MEG imaging of recurrent gliomas reveals functional plasticity of hemispheric language specialization.
Traut T., Sardesh N., Bulubas L., Findlay A., Honma SM., Mizuiri D., Berger MS., Hinkley LB., Nagarajan SS., Tarapore PE.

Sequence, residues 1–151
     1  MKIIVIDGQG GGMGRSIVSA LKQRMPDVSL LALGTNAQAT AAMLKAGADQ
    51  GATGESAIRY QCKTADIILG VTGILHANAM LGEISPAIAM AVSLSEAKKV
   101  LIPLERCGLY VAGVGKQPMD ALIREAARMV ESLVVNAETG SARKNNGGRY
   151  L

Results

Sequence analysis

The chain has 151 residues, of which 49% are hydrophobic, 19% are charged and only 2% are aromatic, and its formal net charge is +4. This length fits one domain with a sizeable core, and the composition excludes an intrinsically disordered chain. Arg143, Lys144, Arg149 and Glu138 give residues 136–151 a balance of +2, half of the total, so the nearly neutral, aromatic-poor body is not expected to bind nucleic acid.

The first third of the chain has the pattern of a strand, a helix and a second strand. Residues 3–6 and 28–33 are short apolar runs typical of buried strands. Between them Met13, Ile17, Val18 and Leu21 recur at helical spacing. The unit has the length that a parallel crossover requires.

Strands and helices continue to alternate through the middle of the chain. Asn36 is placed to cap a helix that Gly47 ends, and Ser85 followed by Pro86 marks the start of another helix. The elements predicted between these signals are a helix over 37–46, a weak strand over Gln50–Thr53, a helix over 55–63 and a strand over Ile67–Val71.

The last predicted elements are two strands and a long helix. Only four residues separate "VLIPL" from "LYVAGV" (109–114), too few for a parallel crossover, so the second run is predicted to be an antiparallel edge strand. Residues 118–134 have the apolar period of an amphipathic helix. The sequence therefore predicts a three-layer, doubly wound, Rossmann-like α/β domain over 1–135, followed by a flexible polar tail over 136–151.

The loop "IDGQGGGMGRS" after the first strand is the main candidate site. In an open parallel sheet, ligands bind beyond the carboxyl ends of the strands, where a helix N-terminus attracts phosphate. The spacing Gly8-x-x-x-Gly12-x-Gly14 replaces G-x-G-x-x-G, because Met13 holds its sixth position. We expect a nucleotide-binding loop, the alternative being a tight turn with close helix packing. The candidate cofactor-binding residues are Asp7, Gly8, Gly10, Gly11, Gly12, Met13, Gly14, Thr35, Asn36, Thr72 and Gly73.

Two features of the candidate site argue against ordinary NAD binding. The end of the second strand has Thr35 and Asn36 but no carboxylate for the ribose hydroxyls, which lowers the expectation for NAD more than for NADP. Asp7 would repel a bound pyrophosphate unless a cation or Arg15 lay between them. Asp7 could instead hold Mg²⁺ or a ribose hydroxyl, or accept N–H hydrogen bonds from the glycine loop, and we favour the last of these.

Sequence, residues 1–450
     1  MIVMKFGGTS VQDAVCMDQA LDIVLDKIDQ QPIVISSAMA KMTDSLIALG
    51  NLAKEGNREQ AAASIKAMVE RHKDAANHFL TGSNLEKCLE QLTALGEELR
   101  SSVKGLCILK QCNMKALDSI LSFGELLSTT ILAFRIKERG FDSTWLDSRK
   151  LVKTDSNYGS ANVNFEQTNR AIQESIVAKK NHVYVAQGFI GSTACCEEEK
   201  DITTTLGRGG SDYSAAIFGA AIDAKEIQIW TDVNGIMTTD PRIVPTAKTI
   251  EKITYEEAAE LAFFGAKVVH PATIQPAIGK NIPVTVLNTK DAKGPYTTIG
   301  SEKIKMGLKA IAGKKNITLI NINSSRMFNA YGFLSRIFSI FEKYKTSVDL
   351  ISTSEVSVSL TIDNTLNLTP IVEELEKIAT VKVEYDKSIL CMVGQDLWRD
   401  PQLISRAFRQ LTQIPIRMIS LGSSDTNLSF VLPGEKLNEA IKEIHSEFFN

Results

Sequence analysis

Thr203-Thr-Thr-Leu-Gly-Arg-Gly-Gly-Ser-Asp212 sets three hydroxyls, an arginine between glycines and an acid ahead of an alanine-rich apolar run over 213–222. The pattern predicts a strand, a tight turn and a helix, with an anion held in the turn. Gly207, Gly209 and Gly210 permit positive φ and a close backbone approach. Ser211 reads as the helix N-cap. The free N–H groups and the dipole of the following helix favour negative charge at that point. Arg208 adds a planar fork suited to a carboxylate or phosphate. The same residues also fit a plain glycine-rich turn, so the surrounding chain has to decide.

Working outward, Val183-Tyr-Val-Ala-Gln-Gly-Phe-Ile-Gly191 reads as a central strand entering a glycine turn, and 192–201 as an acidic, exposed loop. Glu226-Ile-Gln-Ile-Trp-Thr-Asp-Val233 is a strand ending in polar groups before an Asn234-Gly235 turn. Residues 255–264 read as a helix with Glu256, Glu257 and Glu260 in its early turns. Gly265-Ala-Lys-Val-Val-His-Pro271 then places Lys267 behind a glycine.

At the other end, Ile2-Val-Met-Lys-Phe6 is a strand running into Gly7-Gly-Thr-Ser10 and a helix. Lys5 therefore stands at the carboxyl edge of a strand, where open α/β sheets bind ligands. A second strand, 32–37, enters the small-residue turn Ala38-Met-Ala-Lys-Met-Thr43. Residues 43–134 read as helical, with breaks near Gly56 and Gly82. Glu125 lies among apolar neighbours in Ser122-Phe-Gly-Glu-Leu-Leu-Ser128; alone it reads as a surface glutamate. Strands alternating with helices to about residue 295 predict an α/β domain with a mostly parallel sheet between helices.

In patients with gliomas, changes in hemispheric specialization for language determined by magnetoencephalography (MEG) were analyzed to elucidate the impact of treatment and tumor recurrence on language networks. Demonstration of reorganization of language networks in these patients has significant implications on the prevention of postoperative functional loss and recovery. Whole-brain activity during an auditory verb generation task was estimated from MEG recordings in a group of 73 patients with recurrent gliomas. Hemisphere of language dominance was estimated using the language laterality index (LI), a measure derived from the task. The initial scan was performed prior to resection; patients subsequently underwent surgery and adjuvant treatment. A second scan was performed upon recurrence prior to repeat resection. The relationship between the shift in LI between scans and demographics, anatomic location, pathology, and adjuvant treatment was analyzed. Laterality shifts were observed between scans; the median percent change was 29.1% across all patients. Laterality shift magnitude and relative direction were associated with the initial position of language dominance; patients with increased lateralization experienced greater shifts than those presenting more bilateral representation. A change in LI from left or right to bilateral (or vice versa) occurred in 23.3% of patients; complete switch occurred in 5.5% of patients. Patients with tumors within the language-dominant hemisphere experienced significantly greater shifts than those with contralateral tumors. The majority of patients with glioma experience shifts in language network organization over time which correlate with the relative position of language lateralization and tumor location.